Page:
Are the humanities in crisis? If they are, how can we save them?

Although talk of crisis may be alarmist, academics in the humanities need to get out and fight their corner more effectively, former president says

May 23, 2018
Person dressed as Grim Reaper
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Rob Paige, provost emeritus of Arizona State University, has spoken of “indicators of clear and present danger to the humanities”. Yet Blaine Greteman, associate professor of English at the University of Iowa, has argued that “the humanities death watch for the past 60 years” is marked “both by its recurring character and its disconnect from objective fact”.

In order to get at the truth behind this polarised rhetoric, Dennis Ahlburg, distinguished professor of economics at Trinity University in Texas, put together a team of experts in 11 different countries to look at the data. He shared some of their findings, to be published later this year as The Changing Face of Higher Education, at UCL's Centre for Global Higher Education earlier this week in a seminar titled “Is there an international crisis in the humanities?”

Perhaps the crucial metric is student enrolment, Professor Ahlburg told Times Higher Education, because, "if students aren’t enrolling it is pretty difficult to say your subject is in good health. Looking at the data, he said, "it is difficult to say definitely that there’s a crisis in student numbers in any countries except France and the US. But there are still significant problems facing the humanities.”

In the developing world, “the problem is not too few students but too many”. From Egypt to Mexico, “you have growing young populations that the government wants to educate and the cheapest option is the humanities. Where students have a choice, they will choose more vocational subjects.”

The US, by contrast, witnessed what Professor Ahlburg called “a gigantic decline in the 1970s and 1980s” and some worry we may again see something similar. A major factor behind the earlier drop, perhaps surprisingly, was the contraceptive pill.

“The Pill allowed women to invest in higher education,” explained Professor Ahlburg. In earlier times, a common pattern had been to choose a subject such as English or history, so “they could teach for a couple of years before they got married”. Greater reproductive freedom led to a shift towards more vocational subjects and often lifelong careers.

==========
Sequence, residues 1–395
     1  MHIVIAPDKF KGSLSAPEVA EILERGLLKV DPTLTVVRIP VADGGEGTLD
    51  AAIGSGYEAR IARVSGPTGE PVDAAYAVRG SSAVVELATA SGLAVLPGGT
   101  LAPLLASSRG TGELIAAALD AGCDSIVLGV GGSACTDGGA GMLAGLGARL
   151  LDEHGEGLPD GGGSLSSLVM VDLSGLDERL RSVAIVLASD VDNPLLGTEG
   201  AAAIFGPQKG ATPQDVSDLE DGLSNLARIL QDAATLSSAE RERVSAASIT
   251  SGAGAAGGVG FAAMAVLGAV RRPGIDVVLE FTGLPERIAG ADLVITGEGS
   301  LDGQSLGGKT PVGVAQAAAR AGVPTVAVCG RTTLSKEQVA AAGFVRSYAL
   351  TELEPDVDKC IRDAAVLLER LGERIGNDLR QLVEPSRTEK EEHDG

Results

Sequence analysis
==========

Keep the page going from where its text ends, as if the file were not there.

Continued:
Although there has been no comparable recent decline in the humanities, Professor Ahlburg warned that “if you look at the last five years or so, there’s definitely cause for concern, particularly in the ‘core humanities’”, such as languages and literature, history and philosophy, even if there has been greater take-up in fields such as communications and the visual arts. In the US, there has been a decline in total numbers studying the “core humanities” since 2009-10 and the “broad humanities” since 2012-13, with “market share” showing a much more sizeable drop. In the UK, the situation is not yet as bad but, with absolute numbers peaking in 2011-12, it “could still follow the US pattern”.

Professor Ahlburg, who served as president of Trinity from 2010 to 2014 and has spent much of his career in business schools, said that he was worried by such trends, which he suspected were bad for the wider economy, and based on erroneous beliefs about the “returns” on a humanities degree to individual students.

“The [economic] return to [graduates of] the so-called soft skills, for the last five to 10 years, has been greater than the return from cognitive skills,” he pointed out. While the figures for salaries five years after graduation looked dispiriting, “if you look at earning over a longer time frame, humanities then catch up and cross. Three- or five-year windows may misrepresent the lifetime value of the humanities.” Furthermore, “people in the humanities are much more likely to go on to graduate school, where the returns are much higher”.

If they want to reverse current trends, in Professor Ahlburg’s view, academics in the humanities needed to bring more “marketing pizzazz” to attract potential students. They also had “to be able to put their case in the right language, in terms of the economic returns to softer skills. That is in no way a sell-out. If you ignore the economic value, you’re going to lose the argument, because the assumption will be that there isn’t one, so why should we waste our time and money on you? It doesn’t change one iota of what you teach or what you research. All it changes is the way you approach attracting people to what you are passionate about.”

matthew.reisz@timeshighereducation.com

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Print headline: How can we save the humanities?

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